On our last tour, we passed through the beautiful Kensington Gardens and learned a little more about Edward Jenner. Like John Snow, Jenner formulated and acted on his hypothesis made from general observations of people who did and did not contract illnesses: since milk maids did not get smallpox as often as the general population, the exposure to cowpox must be the agent rendering them immune to smallpox. To prove his theory, he did something that was unprecedented- he inoculated a young boy with smallpox.
Fortunately, the eight year old child, along with hundreds of other children who were inoculated, only saw the mild consequences of small pox and most of them became immune soon thereafter.
Another character in the story of epidemiology was Sir Alexander Fleming. He too made a monumental contribution to the study of disease and determinants with his bacteria mold. Like Jenner, the success of his experiment was somewhat random and just plain lucky. He forgot to close a window in his lab and Jenner's inoculation happened to be mild enough not to kill the young boy. In addition, Fleming wanted to use his new penicillin drug on a poor and dying man who had a serious fever and dehydration. Even though it worked to reduce the effects of the man's illness, his disease was too far along and the penicillin dosage was too low.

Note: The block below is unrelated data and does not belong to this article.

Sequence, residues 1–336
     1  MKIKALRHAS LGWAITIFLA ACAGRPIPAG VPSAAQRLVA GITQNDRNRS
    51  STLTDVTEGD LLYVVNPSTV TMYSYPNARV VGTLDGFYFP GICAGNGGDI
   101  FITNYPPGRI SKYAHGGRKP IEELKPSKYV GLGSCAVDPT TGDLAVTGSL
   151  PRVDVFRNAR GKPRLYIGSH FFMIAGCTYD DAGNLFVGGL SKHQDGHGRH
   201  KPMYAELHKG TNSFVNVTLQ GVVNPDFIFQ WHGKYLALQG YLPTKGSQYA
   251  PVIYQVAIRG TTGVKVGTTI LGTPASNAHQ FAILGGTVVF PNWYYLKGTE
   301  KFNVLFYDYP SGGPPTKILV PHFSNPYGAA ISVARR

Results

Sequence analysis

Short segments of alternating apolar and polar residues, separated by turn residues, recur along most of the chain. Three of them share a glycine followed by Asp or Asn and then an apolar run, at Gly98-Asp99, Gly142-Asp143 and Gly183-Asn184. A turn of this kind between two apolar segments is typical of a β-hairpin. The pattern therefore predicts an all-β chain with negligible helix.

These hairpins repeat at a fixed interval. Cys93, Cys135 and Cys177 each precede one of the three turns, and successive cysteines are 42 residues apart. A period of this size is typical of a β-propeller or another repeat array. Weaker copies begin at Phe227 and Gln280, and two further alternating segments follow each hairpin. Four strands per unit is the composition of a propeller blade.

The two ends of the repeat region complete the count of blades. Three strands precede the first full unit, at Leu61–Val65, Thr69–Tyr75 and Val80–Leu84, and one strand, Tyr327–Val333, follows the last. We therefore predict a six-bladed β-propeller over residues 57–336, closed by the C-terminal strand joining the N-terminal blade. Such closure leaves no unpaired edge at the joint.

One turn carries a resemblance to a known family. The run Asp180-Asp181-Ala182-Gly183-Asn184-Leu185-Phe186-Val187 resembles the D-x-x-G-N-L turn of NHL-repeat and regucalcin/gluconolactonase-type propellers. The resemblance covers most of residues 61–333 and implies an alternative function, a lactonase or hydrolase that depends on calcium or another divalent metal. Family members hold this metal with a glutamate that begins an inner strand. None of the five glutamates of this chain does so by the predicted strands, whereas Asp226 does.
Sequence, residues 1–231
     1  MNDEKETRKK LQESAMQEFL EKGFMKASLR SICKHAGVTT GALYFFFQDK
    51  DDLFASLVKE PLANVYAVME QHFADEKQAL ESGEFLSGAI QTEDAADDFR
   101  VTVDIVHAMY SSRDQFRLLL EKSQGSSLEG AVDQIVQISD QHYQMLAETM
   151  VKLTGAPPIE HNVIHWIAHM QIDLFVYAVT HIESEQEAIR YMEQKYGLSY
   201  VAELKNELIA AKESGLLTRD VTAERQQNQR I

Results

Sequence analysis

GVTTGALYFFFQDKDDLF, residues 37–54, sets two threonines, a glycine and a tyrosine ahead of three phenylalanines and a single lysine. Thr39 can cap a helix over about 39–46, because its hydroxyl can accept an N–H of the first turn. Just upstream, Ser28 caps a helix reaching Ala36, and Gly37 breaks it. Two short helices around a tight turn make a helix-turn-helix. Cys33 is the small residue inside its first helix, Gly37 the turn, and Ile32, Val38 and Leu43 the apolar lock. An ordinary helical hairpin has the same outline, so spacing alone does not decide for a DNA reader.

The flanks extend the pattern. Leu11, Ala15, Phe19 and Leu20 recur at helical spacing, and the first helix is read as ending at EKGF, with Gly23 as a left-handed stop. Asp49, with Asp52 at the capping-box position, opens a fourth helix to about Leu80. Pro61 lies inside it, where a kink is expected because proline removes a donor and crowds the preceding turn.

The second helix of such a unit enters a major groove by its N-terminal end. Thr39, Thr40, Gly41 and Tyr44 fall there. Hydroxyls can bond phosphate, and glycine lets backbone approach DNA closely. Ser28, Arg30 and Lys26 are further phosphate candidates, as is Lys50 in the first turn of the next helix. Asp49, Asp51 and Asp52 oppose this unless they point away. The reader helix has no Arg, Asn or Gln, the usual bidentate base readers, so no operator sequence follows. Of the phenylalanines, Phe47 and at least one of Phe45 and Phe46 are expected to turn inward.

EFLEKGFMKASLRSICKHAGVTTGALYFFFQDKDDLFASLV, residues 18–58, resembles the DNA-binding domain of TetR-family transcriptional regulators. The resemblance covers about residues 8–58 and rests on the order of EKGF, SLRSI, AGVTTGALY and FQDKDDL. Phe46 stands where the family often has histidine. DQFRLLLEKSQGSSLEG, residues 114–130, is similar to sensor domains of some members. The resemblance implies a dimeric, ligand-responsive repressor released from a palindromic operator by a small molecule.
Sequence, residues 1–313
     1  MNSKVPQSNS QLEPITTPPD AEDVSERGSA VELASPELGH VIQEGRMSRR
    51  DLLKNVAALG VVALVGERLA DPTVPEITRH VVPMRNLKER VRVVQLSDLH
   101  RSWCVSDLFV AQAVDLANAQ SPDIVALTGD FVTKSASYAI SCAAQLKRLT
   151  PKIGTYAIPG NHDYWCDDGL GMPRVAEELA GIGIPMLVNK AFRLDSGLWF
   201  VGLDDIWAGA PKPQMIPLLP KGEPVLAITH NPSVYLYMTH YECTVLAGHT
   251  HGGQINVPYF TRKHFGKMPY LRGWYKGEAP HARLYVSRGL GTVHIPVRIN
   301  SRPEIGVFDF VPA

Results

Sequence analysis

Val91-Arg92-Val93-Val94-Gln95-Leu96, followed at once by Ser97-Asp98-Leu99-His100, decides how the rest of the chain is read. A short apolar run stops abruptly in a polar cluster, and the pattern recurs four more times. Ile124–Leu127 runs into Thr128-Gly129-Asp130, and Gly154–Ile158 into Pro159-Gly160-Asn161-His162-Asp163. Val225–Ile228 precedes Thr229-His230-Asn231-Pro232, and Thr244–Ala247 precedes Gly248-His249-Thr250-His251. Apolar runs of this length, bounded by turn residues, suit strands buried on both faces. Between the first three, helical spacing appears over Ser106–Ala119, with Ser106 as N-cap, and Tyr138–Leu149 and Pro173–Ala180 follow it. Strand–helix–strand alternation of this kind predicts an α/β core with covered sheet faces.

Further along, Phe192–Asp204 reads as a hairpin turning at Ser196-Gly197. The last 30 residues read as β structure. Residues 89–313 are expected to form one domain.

It is true that Jenner and Fleming made significant contributions to epidemiology and medicine- no matter how unorthodox their methods were. However, they also contributed to medical ethics and the debate regarding vulnerable populations being used to test and develop new medicines. Children and elderly individuals lack a strong voice within almost every society, especially that of America, and Great Britain is no different. While these two ground breaking epidemiologists capitalized on this fact, it's important to take note of their mistakes and not repeat them. Medical developments should not have to come at the expense of someone else's voice or rights. So I thank Edward Jenner and Alexander Fleming for giving us another aspect of bioethics to consider as we tackle new public health and medical challenges in the future.